Finding Your People: The Art of Social Media Branding

Sep 18, 2017 | Jessica Ogilvie

If you’re like most people, the idea of branding yourself through social media sends chills down your spine. How do you craft an image? How do you stick to it, make it consistent, and make sure it reaches new clients? And the question for the ages: How often should you post?

Well, fear not — we are here to help. In the next few weeks, we’ll be running stories on how to brand yourself. To that end, we spoke to some of the best social media branding experts in the biz, and you might be surprised by what they have to say. The first lesson is to figure out who the heck you’re talking to.

Locate Your Community

Social media is, a platform that fosters community, in the same way that a church or school might foster community in “real” life; the only difference is that the social media community is virtual, and includes people from all over the globe.

With that being said, it’s critical to figure out where your people are hanging out. Some communities favor Facebook, some favor LinkedIn, others Instagram, Snapchat, or Twitter. By learning where your people are, you can save yourself time (and thereby money), and also reach people with a much greater sense of purpose and deliberateness. This can be accomplished by just doing some research and seeing who you find where — and it’s easier than it looks.

“It’s like cliques in high school,” says Asma Stephan, a social media marketing manager with Salesforce. “Certain groups have certain associations. So for instance, younger people aren’t necessarily on Facebook, but they are on Snapchat.”

Business-to-business tends to be on LinkedIn, she adds, and celebrities are often on Instagram and Twitter. Make some educated guesses as to where your community is — you probably already have a general idea, based on where you tend to spend the most time personally — and stick to that platform, creating a plan for how often you’ll post (it’s probably less often than you think you need to). From there, you’ll be able to tell if you’re in the right place “if you are gaining a following,” says Stephan.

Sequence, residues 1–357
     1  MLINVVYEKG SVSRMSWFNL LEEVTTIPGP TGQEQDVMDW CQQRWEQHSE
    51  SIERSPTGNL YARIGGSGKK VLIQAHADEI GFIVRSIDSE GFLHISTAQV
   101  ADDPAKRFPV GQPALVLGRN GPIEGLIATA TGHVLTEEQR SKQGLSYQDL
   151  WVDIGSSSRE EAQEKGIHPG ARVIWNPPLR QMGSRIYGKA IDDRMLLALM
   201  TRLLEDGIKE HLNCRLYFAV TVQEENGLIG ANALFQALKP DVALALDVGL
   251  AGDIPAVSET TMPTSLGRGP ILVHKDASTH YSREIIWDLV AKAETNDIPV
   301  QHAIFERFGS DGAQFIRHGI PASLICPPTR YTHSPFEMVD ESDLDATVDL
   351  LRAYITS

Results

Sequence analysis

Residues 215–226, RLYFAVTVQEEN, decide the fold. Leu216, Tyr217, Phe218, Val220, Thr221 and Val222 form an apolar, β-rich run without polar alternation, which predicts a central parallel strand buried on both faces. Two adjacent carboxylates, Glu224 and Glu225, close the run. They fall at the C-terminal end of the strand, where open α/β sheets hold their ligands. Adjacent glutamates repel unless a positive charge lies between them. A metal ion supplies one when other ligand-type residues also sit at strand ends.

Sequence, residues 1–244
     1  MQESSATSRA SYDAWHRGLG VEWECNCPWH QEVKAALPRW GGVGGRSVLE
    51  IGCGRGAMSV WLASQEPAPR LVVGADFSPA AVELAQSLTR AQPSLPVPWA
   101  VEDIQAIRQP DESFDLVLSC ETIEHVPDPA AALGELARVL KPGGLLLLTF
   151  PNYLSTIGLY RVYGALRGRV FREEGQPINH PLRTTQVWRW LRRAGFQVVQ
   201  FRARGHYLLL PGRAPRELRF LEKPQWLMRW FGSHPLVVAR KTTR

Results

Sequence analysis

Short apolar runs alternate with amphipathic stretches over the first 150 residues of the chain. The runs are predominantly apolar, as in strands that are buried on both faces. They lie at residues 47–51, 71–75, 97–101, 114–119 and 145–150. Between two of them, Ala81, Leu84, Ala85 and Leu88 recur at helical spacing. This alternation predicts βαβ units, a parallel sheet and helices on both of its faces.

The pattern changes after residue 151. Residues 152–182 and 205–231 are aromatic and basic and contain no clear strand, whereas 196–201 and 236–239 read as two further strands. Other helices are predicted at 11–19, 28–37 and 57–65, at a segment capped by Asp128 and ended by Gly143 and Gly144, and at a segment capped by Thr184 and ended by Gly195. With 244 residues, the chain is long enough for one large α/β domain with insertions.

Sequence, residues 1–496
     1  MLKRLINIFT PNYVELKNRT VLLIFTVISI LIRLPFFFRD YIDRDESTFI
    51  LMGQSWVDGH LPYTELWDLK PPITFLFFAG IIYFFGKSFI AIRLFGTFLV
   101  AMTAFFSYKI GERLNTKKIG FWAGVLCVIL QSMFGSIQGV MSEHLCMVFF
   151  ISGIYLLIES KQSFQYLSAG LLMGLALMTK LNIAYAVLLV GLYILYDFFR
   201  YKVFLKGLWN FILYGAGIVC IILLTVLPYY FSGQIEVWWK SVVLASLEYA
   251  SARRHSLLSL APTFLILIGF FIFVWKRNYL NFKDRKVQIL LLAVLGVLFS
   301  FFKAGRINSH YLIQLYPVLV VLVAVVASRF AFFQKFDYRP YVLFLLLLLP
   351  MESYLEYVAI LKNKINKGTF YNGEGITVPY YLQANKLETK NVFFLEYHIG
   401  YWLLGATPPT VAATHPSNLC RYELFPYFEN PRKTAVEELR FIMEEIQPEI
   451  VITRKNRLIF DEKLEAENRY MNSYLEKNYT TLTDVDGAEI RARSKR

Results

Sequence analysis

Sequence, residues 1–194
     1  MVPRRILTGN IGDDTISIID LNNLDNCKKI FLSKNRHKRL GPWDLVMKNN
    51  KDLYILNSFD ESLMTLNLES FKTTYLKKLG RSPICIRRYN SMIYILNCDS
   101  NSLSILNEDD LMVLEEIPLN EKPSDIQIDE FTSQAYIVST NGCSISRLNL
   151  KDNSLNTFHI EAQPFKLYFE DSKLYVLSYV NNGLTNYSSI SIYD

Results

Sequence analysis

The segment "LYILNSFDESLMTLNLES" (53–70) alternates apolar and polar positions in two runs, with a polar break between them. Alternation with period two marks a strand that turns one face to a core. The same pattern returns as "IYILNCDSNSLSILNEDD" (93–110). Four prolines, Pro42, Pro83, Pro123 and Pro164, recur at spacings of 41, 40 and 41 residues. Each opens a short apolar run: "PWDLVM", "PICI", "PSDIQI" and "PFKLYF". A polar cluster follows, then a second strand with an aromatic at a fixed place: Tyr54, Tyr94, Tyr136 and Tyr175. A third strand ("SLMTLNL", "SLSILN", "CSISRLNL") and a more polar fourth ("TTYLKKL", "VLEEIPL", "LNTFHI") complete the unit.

Talk to Your Community

Once you’ve found your people, talk to them. The easiest way to start is by identifying people who might already know of you or your business, or, barring that, who might be familiar with the type of work your company is doing. Those people might include companies or brands working in the same space in which you’re working (or trying to work), tastemakers in your industry, or simply vocal consumers.

“Find the people who are already interested in you,” says Stephan, “and communicate with them.”

Start by asking questions of those community members to find out what they’re into, what they want, and what they need. That can be done through a survey, or even by tracking down individuals and talking to them one-on-one. This type of outreach is especially important if you’re starting a new business. Once you’ve become more established, “you can reach out to your ideal customers and consumers,” says Stephan.

Make Your Content Great Again

Of course, good social media branding is nothing without good content.

“People give you the benefit of the doubt by giving you a follow, but getting them to that next step of engagement is about the content you are delivering,” says Stephan. “At its core, it needs to be relevant.”

That could mean many things, depending on your business: perhaps it provides them with new information, or follow-up information, or perhaps it’s just to elicit an emotional reaction. Know your audience, and know what they’ve come to you for.

Los Angeles-based entrepreneur Elizabeth Kott, who has worked as a producer, creative strategist, and stylist, also suggests that you avoid, wherever possible, making it look like you’re trying too hard. Kott, whose business depends on her maintaining a specific aesthetic, notes that while sites like Instagram are “an amazing way to get inspired, to be visually ignited,” it’s also possible to put too much stock in them while overlooking other areas of business — like product and personal connections.

“I see people put too much weight on it,” she says. At the end of the day, “it’s just an app on your phone.” And if the product you’re producing doesn’t match up, no amount of social media will keep customers loyal.

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